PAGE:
Rousas John Rushdoony, Politics of Guilt and Pity, Vallecito, California: Ross House Books, 1995, p.164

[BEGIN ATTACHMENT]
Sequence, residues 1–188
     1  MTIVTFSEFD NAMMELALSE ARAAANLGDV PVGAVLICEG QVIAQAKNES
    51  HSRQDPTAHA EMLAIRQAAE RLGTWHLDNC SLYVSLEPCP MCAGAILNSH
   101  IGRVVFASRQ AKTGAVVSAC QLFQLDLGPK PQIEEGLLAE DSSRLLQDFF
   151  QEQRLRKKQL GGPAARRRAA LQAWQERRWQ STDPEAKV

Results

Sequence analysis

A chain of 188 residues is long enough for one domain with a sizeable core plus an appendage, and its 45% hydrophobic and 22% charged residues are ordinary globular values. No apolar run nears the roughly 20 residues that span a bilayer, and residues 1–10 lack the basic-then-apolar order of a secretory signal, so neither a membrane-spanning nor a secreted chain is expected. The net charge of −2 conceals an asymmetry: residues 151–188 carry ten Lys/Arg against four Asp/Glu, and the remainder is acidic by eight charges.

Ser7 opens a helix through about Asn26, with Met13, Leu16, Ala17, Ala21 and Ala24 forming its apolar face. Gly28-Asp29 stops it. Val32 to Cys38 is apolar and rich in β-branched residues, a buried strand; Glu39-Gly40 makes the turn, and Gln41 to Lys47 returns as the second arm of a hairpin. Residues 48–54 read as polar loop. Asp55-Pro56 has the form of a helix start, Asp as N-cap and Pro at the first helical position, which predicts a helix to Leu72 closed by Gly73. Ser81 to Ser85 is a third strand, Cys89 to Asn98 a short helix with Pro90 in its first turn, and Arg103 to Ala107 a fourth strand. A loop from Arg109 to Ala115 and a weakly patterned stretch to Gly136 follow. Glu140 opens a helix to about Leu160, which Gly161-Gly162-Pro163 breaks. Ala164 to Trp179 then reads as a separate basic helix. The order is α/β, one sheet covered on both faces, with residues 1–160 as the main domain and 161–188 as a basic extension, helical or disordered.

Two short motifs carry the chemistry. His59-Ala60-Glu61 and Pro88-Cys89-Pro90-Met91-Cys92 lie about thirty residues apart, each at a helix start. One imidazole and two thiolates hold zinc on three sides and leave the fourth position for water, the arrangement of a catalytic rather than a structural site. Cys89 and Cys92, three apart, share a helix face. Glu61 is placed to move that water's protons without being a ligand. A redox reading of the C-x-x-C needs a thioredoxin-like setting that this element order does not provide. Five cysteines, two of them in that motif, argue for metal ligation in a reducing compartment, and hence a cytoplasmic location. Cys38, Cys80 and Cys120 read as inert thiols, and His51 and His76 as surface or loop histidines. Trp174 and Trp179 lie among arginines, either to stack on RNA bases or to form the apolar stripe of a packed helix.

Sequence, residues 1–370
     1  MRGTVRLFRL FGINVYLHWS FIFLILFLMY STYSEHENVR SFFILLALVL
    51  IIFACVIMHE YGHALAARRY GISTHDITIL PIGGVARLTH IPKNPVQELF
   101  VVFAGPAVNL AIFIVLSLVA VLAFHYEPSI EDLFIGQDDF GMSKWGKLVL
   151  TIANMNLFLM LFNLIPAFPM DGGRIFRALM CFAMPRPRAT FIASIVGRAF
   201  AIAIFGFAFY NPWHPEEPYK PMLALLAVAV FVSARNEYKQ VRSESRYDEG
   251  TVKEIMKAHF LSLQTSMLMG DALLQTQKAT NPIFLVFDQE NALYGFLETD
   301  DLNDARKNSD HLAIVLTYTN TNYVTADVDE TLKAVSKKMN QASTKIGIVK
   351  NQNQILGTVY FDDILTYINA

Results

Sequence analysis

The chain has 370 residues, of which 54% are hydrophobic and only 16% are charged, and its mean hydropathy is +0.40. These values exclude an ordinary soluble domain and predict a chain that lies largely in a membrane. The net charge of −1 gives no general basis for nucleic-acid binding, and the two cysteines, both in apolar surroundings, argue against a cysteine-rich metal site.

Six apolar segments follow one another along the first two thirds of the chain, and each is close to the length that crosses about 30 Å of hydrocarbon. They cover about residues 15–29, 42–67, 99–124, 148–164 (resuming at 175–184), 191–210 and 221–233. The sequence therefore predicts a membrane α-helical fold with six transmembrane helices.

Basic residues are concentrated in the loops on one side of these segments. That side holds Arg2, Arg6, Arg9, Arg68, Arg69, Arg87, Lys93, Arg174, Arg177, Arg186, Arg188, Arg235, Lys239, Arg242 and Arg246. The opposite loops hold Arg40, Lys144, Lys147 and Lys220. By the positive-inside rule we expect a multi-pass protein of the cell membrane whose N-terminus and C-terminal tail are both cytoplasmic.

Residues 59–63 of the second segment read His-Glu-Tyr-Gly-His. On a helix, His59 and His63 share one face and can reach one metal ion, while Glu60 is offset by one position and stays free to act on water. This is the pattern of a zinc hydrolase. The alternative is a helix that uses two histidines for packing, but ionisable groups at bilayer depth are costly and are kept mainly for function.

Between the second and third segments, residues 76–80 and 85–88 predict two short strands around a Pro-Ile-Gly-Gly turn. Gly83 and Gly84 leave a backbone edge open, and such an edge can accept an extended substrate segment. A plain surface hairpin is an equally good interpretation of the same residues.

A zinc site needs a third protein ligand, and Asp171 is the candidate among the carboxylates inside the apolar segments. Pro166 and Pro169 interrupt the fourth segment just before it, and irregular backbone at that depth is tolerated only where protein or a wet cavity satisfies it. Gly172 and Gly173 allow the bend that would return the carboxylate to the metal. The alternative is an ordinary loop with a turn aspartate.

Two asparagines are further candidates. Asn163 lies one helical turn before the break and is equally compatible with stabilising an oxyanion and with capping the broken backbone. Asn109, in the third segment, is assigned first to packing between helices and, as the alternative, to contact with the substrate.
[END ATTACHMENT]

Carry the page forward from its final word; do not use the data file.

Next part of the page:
"When Theodore Roosevelt, speaking at the Sorbonne on April 23, 1910 separated the concept of human rights from property rights, he brought to public attention an approach which was clearly alien to the American system. “Liberty and Property” was a battle-cry of resistance to Parliament’s encroachment in the events leading to the War of Independence. The belief that “a man’s house is his castle” rested on the assumption that liberty and property not only go hand in hand but are inseparable. The increasing separation of property from liberty, and the idea that “human rights” can exist to the detriment of or in opposition to property rights, clearly means the end of the historic American system, if it be continued. To understand the relationship of liberty and property, it is necessary to survey real property in American history."